On 15th November, the International Day of Prayer for the Persecuted Church, Helene Milena preached the following sermon in the Anglican Cathedral on Epiphany Island in Second Life. The readings were Psalm 116, 2 Corinthians 4, John 15:18-25.
Some years ago, a British company coined the slogan: “Does exactly as it says on the tin.” They intended to convey that, in a world of over-inflated advertising claims, they were telling the truth about their products. The slogan became so well-known that it has now passed into the language, meaning that something is exactly as it appears to be, or as it claims to be. Meanwhile the company in question has had to abandon the slogan in the cause of honesty as they sell products in tubs and tubes as well as tins!
Christianity doesn’t come in tins, tubs or tubes, but there is no doubt that the idiom: “Does exactly what it says on the tin” can be applied to it. No one can accuse Jesus of exaggerated claims or dishonest advertising. The first disciples probably didn’t know what they were letting themselves in for when they answered Jesus’ call to “Follow me.” Jesus made huge efforts to help them to understand just what the impact of following him would be. In the passage from John today he says: “If they persecuted me, they will persecute you.” Reading on a little further to John 16:2 Jesus says: “They will put you out of the synagogues. Indeed, an hour is coming when those who kill you will think that by doing so they are offering worship to God.” And in John 16:33: “In the world you will have tribulation.” In Matthew 24:9 we read: “Then they will deliver you to tribulation, and will kill you, and you will be hated by all nations because of my name.” In many places we can find something similar to this from Luke 9:23: “If anyone wishes to come after me, he must deny himself, and take up his cross daily and follow me.” Within families all will not be plain sailing for disciples: “For I have come to set a man against his father, and a daughter against her mother, and a daughter-in-law against her mother-in-law. And a person’s enemies will be those of his own household.” (Matthew 10:35-36). Indeed, in Luke 14:26 Jesus says: “If anyone comes to me and does not hate his own father and mother and wife and children and brothers and sisters, yes, and even his own life, he cannot be my disciple.”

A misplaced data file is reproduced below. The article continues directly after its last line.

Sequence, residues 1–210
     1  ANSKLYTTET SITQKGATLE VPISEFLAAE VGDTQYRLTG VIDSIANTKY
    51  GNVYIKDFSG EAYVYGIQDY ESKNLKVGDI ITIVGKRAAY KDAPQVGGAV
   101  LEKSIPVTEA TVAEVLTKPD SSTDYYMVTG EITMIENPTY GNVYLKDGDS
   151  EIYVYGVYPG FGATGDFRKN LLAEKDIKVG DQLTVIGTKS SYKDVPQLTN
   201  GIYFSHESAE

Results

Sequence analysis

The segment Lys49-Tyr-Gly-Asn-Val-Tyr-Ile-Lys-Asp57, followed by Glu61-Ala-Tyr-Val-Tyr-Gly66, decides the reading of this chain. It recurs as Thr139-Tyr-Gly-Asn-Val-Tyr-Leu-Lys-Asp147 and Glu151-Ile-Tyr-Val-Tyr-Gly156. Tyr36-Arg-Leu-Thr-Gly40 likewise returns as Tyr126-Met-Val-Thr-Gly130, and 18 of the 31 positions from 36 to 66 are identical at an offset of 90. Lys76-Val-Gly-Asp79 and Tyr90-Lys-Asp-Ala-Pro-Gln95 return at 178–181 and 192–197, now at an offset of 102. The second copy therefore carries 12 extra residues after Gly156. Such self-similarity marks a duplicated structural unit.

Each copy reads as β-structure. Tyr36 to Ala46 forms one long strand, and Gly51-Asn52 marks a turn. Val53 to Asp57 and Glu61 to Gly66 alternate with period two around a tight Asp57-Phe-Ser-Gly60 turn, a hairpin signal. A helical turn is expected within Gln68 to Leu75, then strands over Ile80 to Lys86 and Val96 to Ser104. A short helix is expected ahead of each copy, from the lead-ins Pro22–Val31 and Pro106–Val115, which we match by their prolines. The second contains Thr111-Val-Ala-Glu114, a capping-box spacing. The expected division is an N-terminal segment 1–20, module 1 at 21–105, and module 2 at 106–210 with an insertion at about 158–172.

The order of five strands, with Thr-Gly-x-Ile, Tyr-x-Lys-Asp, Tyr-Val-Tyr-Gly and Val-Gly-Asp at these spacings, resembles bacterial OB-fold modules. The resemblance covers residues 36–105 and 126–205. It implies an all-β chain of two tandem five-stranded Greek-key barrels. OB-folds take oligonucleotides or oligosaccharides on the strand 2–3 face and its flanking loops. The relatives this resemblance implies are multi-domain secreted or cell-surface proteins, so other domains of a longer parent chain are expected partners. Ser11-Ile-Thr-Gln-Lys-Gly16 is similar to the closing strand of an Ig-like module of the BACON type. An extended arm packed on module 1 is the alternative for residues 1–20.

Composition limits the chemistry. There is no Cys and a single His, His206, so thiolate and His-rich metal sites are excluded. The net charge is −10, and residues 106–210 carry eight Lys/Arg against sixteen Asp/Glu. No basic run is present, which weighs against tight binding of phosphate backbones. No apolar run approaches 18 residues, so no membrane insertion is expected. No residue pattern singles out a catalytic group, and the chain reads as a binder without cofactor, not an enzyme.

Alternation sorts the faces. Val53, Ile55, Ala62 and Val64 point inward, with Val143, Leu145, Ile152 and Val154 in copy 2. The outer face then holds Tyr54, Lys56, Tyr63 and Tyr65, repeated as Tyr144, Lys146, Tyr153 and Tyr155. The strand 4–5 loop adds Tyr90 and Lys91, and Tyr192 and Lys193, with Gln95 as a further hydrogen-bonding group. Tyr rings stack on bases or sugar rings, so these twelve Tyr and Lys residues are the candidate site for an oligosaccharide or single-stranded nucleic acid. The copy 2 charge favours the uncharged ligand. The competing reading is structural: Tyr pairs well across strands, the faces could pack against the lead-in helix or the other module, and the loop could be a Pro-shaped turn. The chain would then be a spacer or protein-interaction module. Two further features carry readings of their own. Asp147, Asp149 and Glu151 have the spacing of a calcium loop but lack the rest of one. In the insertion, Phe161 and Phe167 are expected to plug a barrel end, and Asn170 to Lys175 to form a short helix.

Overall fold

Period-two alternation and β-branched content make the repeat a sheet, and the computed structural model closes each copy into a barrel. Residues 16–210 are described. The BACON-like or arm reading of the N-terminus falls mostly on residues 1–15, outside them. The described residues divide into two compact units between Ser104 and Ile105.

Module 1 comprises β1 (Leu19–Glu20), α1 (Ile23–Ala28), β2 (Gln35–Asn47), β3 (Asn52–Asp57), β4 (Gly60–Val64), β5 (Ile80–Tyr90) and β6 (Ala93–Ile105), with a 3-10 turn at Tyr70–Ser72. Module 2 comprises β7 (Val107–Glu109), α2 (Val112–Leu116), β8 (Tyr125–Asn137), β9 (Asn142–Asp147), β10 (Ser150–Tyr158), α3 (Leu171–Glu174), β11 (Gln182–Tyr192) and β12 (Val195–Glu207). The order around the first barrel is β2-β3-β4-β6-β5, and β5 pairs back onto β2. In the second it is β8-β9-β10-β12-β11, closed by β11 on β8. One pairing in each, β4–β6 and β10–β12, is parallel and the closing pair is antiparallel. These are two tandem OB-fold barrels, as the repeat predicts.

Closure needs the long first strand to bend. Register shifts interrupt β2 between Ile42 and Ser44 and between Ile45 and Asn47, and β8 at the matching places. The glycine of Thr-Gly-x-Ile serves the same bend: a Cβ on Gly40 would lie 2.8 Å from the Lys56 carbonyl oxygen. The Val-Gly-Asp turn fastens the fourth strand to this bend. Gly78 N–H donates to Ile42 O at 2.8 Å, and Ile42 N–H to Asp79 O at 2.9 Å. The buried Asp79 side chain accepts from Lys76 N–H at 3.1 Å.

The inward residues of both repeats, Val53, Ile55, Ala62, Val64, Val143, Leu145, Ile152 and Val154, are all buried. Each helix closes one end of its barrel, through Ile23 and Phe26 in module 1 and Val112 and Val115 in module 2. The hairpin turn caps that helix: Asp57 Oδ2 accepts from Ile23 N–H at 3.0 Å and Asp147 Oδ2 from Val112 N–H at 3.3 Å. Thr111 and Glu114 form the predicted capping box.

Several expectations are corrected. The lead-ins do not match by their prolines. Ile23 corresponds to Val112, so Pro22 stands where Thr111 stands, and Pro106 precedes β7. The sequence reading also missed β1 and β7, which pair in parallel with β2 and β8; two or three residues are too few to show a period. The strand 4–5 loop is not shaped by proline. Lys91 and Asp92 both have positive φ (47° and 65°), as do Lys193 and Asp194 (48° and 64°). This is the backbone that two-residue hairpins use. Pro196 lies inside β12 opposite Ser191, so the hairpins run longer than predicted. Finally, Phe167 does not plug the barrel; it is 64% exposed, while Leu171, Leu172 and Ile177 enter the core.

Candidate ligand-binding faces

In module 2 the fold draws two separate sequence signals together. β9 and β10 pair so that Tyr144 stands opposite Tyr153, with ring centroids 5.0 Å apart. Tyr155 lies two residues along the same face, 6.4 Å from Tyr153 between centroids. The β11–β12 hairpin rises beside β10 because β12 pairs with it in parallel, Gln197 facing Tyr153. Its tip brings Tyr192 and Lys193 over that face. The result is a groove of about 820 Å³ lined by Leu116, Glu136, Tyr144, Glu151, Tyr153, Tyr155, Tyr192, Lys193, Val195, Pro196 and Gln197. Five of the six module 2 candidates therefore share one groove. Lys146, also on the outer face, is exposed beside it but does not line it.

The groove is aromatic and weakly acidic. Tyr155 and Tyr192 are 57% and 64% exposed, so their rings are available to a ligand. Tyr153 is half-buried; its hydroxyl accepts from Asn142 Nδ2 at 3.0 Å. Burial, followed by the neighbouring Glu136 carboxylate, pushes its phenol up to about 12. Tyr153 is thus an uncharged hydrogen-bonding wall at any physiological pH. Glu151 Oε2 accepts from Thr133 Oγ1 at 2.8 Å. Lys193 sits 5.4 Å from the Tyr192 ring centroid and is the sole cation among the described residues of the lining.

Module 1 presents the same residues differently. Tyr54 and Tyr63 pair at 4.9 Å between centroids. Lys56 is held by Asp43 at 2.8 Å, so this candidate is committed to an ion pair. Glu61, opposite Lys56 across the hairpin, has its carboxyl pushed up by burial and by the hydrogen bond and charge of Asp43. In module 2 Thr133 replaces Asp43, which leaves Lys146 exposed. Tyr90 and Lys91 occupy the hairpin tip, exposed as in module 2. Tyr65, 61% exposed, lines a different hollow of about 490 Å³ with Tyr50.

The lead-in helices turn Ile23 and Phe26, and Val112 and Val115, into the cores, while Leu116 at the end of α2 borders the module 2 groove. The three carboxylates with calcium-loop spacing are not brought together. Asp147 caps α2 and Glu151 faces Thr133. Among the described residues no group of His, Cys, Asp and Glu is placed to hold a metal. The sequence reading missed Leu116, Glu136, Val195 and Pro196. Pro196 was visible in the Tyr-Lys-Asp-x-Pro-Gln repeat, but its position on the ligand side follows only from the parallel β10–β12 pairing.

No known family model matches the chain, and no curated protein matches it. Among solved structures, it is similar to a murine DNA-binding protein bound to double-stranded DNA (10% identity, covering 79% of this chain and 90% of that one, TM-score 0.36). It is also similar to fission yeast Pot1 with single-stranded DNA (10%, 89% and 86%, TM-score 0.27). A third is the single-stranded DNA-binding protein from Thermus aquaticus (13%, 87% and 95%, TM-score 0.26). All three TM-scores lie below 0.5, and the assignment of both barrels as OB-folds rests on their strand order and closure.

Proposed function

Although the first disciples may have been ignorant of the implications of following Jesus, no disciple since then can make that claim. We can read the gospels where Jesus’ own words about discipleship are recorded. As Jesus promised, pretty much as soon as he ascended, the reality of persecution became apparent for his followers. We can read the stories of those down the years who have followed Jesus and suffered as a result. We remember them on special days in the lectionary. Discrimination, wrongful arrest, torture and death have been the lot of Christians for two millennia. Martyrdom has been considered as a great privilege for a believer, bringing with it the promise of a heavenly crown.